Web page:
This is the third day of Holy Week. The texts of the gospel of these days place before us the terrible facts which will lead to the condemnation and death of Jesus. Today they focus on the betrayal that made it possible for Jesus to be arrested. It must have contributed enormously to the suffering of Jesus.
“Amen, amen, I say to you, one of you will betray me.” These words, coming from Jesus, seem horrifying. How could anyone betray Jesus? But, as the gospel will go on to tell us, Judas is not the only one. Peter also will deny Jesus three times. Peter, well-meaning but weak, swears that he will go all the way with Jesus, even to death. This second betrayal is worse in some ways. At least Judas slunk out of the upper room in darkness.
No wonder the evangelist tells us that Jesus “was troubled in spirit” when he foretold his betrayal. It’s one thing to be betrayed by a stranger or an enemy, but to be handed over to his enemies by a close friend, by one who had shared intimately at table with him must have added to Jesus’ pain and suffering.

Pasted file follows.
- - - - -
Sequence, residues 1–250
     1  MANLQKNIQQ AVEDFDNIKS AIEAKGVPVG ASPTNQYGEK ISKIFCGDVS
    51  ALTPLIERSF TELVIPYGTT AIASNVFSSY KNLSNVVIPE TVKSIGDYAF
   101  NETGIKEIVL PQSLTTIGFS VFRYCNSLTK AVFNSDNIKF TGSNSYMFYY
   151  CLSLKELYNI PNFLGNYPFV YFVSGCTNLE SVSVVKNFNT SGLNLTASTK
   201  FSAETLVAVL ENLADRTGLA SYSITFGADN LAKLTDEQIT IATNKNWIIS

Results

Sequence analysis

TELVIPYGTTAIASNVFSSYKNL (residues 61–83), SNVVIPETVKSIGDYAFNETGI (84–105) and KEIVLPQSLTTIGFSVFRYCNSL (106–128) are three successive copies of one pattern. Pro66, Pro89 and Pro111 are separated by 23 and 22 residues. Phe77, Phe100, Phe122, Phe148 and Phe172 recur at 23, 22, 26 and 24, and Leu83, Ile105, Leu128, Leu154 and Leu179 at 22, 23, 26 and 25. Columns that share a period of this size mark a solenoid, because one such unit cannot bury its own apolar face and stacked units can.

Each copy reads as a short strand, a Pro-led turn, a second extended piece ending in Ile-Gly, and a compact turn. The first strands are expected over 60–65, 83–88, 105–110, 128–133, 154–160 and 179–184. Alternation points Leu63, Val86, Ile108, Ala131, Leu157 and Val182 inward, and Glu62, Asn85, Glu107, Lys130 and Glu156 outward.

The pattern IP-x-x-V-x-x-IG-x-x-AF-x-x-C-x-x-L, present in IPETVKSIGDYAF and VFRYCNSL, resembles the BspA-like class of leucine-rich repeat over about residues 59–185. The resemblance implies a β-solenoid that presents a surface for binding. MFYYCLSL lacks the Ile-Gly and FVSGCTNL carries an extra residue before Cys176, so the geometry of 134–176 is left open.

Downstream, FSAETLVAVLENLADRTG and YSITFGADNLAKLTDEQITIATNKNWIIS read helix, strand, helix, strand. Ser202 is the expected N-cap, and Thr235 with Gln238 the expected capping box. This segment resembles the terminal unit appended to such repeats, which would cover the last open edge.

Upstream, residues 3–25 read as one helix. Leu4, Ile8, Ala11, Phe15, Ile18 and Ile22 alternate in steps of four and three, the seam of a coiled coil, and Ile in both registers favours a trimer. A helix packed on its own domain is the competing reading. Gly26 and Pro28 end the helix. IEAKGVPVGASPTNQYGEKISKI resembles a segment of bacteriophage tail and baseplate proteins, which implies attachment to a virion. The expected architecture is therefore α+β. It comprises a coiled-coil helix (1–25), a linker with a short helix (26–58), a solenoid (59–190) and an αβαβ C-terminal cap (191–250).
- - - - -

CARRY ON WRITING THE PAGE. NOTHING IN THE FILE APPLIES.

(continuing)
We do not know when Judas left the supper. We, however, like him share at the Lord’s Table frequently. And yet, how many us can truthfully say that we have never betrayed Jesus? We leave the Lord’s Supper, at times conscious that there are areas in our lives that are displeasing to him. What must we do to prevent this from separating us from Christ?
How do I at times betray or deny Jesus?
Let Us Pray:
O Lord, grant me the grace to imitate Peter, who denied you in his weakness, but followed that by his profound repentance. And let everyone draw from this example of contrition, that even if we have fallen we may not despair, but always remember that we can become worthy of forgiveness”
Daily Eucharistic Reflection – Center for Eucharistic Evangelizing (eucharisticevangelizing.com)